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Red Hat Enterprise Linux 8.1 Debuts With Added Developer Tools, Security & Automation

Red Hat, Inc. today announced the general availability of Red Hat Enterprise Linux 8.1, the latest version of the world’s leading enterprise Linux platform. The first minor release of the Red Hat Enterprise Linux 8 platform, Red Hat Enterprise Linux 8.1 enhances the manageability, security and performance of the operating system underpinning the open hybrid cloud while also adding new capabilities to drive developer innovation.

Red Hat Enterprise Linux is the foundation of Red Hat’s open hybrid cloud portfolio, providing the underlying engine that allows complex workloads to be developed and deployed across physical, virtual, private and public cloud environments with greater confidence and control.

[Source: Light Reading]

AWS Outposts begins to take shape to bring the cloud into the data center

When AWS announced Outposts last year, a private cloud hardware stack they install in your data center, there were a lot of unanswered questions. This week at AWS re:Invent in Las Vegas, the company announced general availability as the vision for this approach began to become clearer.

AWS CEO Andy Jassy, speaking at a press conference earlier today, said there are certain workloads like running a factory that need compute resources to be close because of low-latency requirements. That’s where Outposts could play well, and where similar existing solutions in his opinion fell short because there wasn’t a smooth connection between the on-prem hardware and the cloud.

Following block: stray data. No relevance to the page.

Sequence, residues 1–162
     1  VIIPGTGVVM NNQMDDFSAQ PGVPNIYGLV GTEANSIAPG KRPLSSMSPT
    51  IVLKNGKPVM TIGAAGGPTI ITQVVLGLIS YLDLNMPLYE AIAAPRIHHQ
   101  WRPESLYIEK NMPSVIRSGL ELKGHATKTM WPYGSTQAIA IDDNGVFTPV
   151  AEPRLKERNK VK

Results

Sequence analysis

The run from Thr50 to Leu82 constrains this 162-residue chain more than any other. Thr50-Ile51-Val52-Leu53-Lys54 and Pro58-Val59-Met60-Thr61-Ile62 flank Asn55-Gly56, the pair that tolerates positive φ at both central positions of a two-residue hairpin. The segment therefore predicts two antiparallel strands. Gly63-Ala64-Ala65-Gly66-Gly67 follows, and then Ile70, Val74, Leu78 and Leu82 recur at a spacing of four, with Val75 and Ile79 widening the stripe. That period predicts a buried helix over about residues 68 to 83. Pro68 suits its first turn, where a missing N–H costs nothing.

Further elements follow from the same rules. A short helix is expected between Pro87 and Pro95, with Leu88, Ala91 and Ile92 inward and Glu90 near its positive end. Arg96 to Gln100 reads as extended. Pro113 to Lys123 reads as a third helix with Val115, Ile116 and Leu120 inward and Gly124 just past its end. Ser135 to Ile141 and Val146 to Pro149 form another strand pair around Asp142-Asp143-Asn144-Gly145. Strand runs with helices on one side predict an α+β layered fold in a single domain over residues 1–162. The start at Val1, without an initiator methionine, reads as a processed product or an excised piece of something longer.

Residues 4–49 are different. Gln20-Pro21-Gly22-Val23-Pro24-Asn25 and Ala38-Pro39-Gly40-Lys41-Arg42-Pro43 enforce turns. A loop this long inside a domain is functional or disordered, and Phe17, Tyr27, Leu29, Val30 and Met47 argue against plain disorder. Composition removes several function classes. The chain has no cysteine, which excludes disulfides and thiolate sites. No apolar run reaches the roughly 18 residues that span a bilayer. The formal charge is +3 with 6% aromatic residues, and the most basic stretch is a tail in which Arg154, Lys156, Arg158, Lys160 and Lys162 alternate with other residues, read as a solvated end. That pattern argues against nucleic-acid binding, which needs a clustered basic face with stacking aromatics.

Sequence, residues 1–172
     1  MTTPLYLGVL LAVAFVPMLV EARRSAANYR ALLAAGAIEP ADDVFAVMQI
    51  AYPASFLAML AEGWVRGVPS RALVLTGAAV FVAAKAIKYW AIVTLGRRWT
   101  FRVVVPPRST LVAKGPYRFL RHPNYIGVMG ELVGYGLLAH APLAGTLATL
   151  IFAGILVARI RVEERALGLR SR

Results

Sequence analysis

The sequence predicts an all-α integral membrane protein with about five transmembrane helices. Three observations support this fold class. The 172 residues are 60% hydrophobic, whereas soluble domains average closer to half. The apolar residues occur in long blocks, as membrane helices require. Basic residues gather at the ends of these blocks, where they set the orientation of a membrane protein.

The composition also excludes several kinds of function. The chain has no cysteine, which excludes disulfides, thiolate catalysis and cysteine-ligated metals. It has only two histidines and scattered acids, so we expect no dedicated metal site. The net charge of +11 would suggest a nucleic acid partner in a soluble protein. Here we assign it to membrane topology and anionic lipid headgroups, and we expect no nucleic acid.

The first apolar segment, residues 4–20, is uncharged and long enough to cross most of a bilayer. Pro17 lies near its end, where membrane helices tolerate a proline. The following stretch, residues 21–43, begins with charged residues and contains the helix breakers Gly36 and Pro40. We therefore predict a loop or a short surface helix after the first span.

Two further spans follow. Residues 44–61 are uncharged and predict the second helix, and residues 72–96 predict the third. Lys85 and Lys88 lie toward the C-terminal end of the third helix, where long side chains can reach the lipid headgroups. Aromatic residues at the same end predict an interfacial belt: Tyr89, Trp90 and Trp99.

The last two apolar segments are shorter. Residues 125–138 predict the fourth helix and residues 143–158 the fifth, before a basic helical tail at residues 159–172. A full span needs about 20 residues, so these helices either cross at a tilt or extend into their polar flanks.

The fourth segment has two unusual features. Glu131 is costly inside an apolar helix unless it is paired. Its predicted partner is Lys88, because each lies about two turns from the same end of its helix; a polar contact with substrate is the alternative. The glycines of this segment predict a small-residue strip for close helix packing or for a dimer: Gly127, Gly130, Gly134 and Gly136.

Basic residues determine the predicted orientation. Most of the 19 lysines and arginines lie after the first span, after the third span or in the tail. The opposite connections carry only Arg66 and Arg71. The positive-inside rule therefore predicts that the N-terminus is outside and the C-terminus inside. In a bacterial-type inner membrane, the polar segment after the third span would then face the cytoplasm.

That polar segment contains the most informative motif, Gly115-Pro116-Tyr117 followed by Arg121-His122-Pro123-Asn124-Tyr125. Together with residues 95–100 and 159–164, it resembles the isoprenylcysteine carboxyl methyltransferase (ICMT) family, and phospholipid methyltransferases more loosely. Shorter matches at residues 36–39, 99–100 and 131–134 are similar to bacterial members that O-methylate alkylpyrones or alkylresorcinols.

[Source: TechCrunch]

Canonical now offers AWS optimized Ubuntu Linux

When it comes to cloud operating system popularity, Ubuntu Linux is, by far, the most popular operating system on Amazon Web Services (AWS). According to the Cloud Market’s latest analysis of operating systems on the Amazon Elastic Compute Cloud (EC2), Ubuntu has over 364,000 images with only generic Linux images surpassing it. Now, Canonical, Ubuntu’s parent company, is seeking to further its domination by offering premium Ubuntu Pro Linux images to Amazon Web Services (AWS). These images come with Canonical’s standard Ubuntu Amazon Machine Images (Amazon AMIs), plus automatically enabled key security and compliance subscriptions. In short, Ubuntu Pro is optimized by AWS Ubuntu, complete with security and support.

[Source: ZDNet]

The Apache Software Foundation Welcomes CloudBees as its Newest Targeted Sponsor at the Platinum Level

The Apache® Software Foundation (ASF), the all-volunteer developers, stewards, and incubators of more than 350 Open Source projects and initiatives, announced today that CloudBees has become an ASF Targeted Sponsor at the Platinum level. The ASF Infrastructure Team keeps the Foundation’s global services running 24x7x365 at near 100% uptime at less than US$5,000 per project. Performance statistics that reflect more than seven million weekly checks and project mail volume across 2,059 lists are available at http://status.apache.org/

[Source: DevOps.com]

New Vivaldi for Android Beta Adds More UI Improvements, Chromebook Support

Vivaldi Technologies have released a new beta of their upcoming Vivaldi for Android web browser, which brings support for Chromebooks and many refinements to the user interface. After the great feedback on the first beta release, Vivaldi Technologies have been working hard to improve their Vivaldi for Android web browser, adding lots of goodies requested by the community, starting with new settings to allow users to swipe to close tabs and view scrollbars on internal pages.